As a post-doc I am working on some data that I did not collect myself. The central question I'm trying to answer: is there a difference in the fat mass of neonates born to mothers with gestational diabetes mellitus (GDM), versus mothers with normal glucose tolerance?

I thus want to create a model where fat mass is the dependent variable, and GDM (coded 0 for mothers without GDM, and 1 for those with) is the independent variable. I also need to control for other variables such as gestational weight gain, pre-pregnancy BMI, gestational age, etc., as these could potentially confound the relationship between neonatal fat mass and GDM.

Sample size is 72 for GDM mothers/babies and 211 for non-GDM mothers/babies. I'd also like to run the model taking out all missing data for comparison, which would leave me with 68 GDM mothers/babies and 112 non-GDM mothers/babies.

I know I need to consider the sample size when determining how many IVs to add to the model, and I've searched online and found some general rules of thumb for how many IVs are appropriate in multivariable regression with a given sample size. It appears that the data set I'm working on is too small to accommodate the number of potential confounders, especially for the smaller diabetes sub-sample.

Therefore, I'm stuck, as I cannot do what I would like to do - collect more data - and I have about 10 IVs that I think should be added into the model based on their potential to confound the association of interest.

Another thing to note: I recently read a paper discussing how it is inappropriate to test bivariable associations of potential IVs with your outcome of interest in order to determine whether they should be added into the model (based on their bivariable significance). So I've already ruled that out as an option for determining which IVs should make it into the model.

Does anyone have any advice on how to determine which/how many IVs to add that goes beyond what I've already considered?

Thanks so much.


I would say your sample isn't that small and can definitely accommodate 10 predictors if entered without interactions with the treatment. If this really concerns you, you can estimate a propensity score as the predicted probability of GMD given the predictors and simply fit a model regressing the outcome on GMD and the propensity score (though it would be important to allow this model to be flexibly estimated).

If you're worried some of your predictors are not true confounders, you can use the group lasso with doubly robust estimation described in Koch, Vock, & Wolfson (2018), which estimates a doubly robust treatment effect (robust to misspecification of either the propensity score model or outcome model) and uses lasso to select only the relevant covariates (so the models aren't overly saturated). This was specifically designed to select only the covariates from a large pool of potential confounders that are helpful in estimating the treatment effect.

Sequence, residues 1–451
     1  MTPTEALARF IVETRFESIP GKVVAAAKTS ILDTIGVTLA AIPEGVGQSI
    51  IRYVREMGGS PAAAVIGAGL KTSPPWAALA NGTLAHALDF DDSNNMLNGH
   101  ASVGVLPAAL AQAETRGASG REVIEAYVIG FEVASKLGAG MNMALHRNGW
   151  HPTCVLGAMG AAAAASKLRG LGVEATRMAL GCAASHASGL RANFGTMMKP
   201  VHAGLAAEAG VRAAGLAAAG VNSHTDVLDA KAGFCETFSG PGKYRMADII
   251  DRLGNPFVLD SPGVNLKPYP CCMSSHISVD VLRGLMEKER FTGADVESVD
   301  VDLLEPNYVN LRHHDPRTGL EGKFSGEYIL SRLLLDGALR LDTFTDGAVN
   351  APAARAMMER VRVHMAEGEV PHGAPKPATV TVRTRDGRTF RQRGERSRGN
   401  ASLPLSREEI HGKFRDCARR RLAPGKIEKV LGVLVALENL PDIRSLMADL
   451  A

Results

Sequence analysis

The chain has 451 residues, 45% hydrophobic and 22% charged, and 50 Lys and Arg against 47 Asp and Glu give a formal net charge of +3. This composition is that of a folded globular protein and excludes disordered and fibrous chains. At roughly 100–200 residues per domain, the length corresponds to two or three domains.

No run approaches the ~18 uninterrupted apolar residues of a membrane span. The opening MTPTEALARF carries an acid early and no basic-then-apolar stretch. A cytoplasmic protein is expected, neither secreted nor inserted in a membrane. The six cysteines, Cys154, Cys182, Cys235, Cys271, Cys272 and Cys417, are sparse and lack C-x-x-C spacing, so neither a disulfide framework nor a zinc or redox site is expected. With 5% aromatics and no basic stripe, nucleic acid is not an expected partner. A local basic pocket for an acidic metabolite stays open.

For missing data, it would inappropriate to drop cases. You should use multiple imputation or FIML estimation to retain your original sample size. It does not significantly complicate the problem to use either of these methods (though FIML cannot be used with propensity scores).

  • $\begingroup$ +1 Just want to emphasize the importance of not dropping cases with missing data in this circumstance. That would omit nearly half of the non-GDM cases, and I suspect that the missing data might be from tests that aren't routinely done in uncomplicated pregnancies. You might want to add a link to FIML, as that might not be so broadly appreciated as multiple imputation. $\endgroup$
    – EdM
    Apr 12 '19 at 19:34
  • $\begingroup$ Thanks for this! Following Stef van Buuren's book on multiple imputation, I was able to carry this out, and ran my fat mass ~ GDM + confounders model, getting very similar results to 1) the regression run on original data set with missing values and 2) data set following list-wise deletion. $\endgroup$
    – Meghan.S
    Apr 15 '19 at 21:08
  • $\begingroup$ I would like to report the results of the multiply imputed dataset in the paper, but I can only see how to run the regression model with the imputed data - is there a way to use the imputed data set to do the other tests I'd like to report, e.g. t-tests and Pearson correlations? $\endgroup$
    – Meghan.S
    Apr 15 '19 at 21:10
  • $\begingroup$ T-tests and Pearson correlations are just regression. A t-test is a regression of a continuous variable on a binary variable. A Pearson correlation is just a standardized regression coefficient from a single regression. $\endgroup$
    – Noah
    Apr 16 '19 at 4:42

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